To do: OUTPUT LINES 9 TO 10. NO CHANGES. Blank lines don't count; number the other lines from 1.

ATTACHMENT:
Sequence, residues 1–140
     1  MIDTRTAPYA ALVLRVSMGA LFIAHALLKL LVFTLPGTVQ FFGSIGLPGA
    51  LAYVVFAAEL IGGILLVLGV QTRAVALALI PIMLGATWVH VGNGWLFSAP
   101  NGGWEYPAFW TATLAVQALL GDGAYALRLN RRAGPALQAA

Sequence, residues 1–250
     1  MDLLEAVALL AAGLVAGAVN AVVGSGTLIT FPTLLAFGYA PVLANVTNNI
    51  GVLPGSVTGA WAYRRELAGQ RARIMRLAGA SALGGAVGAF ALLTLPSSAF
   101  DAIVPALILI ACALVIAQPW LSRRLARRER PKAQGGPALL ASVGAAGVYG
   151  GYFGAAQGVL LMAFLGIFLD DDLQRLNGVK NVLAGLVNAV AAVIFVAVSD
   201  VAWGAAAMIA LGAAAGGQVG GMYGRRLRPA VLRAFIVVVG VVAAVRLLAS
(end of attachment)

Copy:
   151  GYFGAAQGVL LMAFLGIFLD DDLQRLNGVK NVLAGLVNAV AAVIFVAVSD
   201  VAWGAAAMIA LGAAAGGQVG GMYGRRLRPA VLRAFIVVVG VVAAVRLLAS